He pondered: “So you can sum up the entire help in just three words!”
The writer and writer in Wangusa dominated, “the minimization” of the lesson of three word pushes you toward composing verse.
“My first novel – Upon this Mountain is just 116 pages and might have been quite a bit longer assuming that I had been an expansionist however I am a ‘compactionist’,” he says.
Wangusa stresses generally people use words to express yet when those words are filtered, you show up at composition and when you filter exposition further, they become poetry.
He says we pick words accessible from customary discourse yet on occasion we even go further to coin words for our purpose.
“For the most recent 50 years I have begat a word to fill my need, for example, Africanology, Corruptionology Banyamulengocracy for a portion of the sonnets I have composed,” he says.
He considers on experiencing childhood in Masaba land with its mountains, Kamalewa (Bambos), the circumcision cuts yet additionally noticed the social change in retention of the European culture as it affected on Africa.
“My composing is about that progress of things self-destruct of a Mugisu kid growing up to turn into another African, the what you lose, what you split the difference, what you really want to take on and the agony that accompanies all that. It is a subject of my three books,” he says.
The writer, writer and speaker in Wangusa are interwoven.
A disclosure happened during one of his understudy addresses at Makerere University as he showed about the natural structure in scholarly theory.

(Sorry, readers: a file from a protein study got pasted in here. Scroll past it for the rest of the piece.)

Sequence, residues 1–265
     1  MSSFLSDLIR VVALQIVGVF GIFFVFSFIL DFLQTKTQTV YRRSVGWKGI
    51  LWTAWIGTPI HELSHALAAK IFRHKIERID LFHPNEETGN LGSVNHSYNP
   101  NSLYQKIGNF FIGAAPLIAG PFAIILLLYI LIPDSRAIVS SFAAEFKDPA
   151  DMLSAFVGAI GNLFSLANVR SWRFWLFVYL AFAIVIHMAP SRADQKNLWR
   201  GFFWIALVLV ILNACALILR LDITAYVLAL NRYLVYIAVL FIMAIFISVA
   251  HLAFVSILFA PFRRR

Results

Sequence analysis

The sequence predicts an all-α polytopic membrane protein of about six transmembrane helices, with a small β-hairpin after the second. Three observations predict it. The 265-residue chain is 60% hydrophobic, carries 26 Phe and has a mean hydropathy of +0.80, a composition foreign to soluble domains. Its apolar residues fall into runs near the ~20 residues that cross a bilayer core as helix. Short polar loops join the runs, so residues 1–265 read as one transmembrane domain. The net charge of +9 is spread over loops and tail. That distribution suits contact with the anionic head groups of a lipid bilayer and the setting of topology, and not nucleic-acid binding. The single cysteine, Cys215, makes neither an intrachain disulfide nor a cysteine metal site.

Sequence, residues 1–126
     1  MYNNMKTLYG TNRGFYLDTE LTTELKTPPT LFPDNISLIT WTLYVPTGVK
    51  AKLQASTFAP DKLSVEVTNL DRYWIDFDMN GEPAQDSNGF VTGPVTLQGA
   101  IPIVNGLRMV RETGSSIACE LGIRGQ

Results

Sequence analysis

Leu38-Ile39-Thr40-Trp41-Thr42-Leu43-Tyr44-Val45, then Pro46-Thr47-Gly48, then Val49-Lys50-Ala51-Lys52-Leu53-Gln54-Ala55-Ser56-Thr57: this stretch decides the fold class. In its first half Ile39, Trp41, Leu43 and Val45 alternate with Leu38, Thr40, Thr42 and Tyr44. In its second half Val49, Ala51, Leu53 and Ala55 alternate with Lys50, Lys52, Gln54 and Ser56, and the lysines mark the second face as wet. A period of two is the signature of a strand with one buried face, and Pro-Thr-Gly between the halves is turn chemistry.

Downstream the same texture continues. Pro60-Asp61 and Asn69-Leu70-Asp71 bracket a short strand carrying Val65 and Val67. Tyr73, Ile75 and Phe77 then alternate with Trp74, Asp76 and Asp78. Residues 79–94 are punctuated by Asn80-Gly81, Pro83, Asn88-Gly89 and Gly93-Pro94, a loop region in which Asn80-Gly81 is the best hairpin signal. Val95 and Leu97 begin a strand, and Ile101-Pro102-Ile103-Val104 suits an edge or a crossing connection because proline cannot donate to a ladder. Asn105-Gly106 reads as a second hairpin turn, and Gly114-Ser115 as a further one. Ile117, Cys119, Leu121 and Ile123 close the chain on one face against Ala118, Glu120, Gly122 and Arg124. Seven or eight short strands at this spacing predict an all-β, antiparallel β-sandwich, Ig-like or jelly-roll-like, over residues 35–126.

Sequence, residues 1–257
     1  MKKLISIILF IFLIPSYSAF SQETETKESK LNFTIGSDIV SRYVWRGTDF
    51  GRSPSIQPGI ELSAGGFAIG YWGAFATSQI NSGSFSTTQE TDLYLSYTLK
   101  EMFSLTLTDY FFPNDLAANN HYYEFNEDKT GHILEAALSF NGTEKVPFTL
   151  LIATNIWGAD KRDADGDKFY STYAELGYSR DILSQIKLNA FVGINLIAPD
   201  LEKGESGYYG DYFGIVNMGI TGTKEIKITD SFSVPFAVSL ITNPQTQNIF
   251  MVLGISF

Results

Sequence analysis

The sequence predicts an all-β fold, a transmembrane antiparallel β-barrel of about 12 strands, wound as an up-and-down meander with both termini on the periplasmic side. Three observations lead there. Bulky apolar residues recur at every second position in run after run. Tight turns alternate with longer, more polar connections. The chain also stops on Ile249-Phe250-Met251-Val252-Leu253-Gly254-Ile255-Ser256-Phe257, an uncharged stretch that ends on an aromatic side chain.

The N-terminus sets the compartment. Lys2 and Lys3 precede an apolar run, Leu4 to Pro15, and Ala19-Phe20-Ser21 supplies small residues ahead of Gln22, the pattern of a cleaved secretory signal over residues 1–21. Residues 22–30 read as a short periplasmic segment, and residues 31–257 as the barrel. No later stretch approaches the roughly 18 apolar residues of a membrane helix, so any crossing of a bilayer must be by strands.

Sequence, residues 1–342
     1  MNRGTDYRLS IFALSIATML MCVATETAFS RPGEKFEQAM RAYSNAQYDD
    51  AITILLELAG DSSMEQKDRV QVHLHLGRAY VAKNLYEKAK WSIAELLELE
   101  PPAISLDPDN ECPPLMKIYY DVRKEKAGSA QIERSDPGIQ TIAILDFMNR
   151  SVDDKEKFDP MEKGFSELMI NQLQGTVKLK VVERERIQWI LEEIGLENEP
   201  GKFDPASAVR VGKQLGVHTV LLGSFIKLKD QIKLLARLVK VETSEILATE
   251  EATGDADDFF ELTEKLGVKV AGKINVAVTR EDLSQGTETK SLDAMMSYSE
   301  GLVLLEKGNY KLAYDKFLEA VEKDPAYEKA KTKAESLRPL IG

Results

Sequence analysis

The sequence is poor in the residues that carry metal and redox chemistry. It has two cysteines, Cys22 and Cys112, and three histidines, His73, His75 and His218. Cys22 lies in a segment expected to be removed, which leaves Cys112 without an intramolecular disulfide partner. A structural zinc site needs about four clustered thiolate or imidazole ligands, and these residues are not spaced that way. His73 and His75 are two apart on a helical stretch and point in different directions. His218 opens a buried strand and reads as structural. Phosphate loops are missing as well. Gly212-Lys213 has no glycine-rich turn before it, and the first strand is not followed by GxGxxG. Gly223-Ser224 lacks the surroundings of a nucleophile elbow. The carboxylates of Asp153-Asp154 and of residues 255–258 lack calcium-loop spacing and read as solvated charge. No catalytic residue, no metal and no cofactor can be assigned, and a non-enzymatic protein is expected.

“I made sense of for them that various show-stoppers should entwine together with the end goal that you can’t destroy them. It resembles the many pieces of a tree. The roots, the stem, the branches, the leaves and natural products are undeniably kept intact by the sup in the ‘treeness’ of the tree,” he says.
The clarification motivated the sonnet, ‘The Organic Form’.
Wangusa’s most memorable sonnet took him thirty years to compose; while showing what he called the most troublesome tenet in Christianity,The Trinity, he’d endeavored to characterize God to his students.
Discontented by his conveyance to completely persuade his mentees, Wangusa says, ‘it took me thirty years to lessen it into a little bundle of fifteen words with a heading ‘the trinity tree’; The Father in the root, the Son in the shoot, the Spirit in the fruit‘.
He portrays that Makerere University presented its initial two doctorates in 1975. Him, with a level of reasoning from the Faculty of Arts and a one John Haggard with a level of Sports Science from the Faculty of Education granted by then President Idi Amin who was the chancellor of the institution.
He accomplished the residency in 1981. He reviews, there were not many teachers at Makerere before him, “around 2 or 3.”
By 1985, Wangusa was filling in as Dean of Faculty of Arts, Head of Department of Literature. He was the organizer leader of International PEN Uganda Center and the executive of Uganda Writers Association.
A previous Minister in an administration that was ousted in 90 days, Wangusa compared his experience to a
“nice break” since he had detected that the system of the Okellos wouldn’t last.
“I had been in Nairobi with Tito Okello and Bazilio Okello to meet with Museveni in what was prominently known as Peace Jokes yet they should be harmony talks however the nation excused them as harmony jokes,” he says.
Not numerous days after the fact, the public authority self-destructed, a portion of its hard men broken up into oblivion.
For Wangusa, his works and motivation have remained alive, and as it celebrates 100 years Makerere University recognizes him and this rich legacy.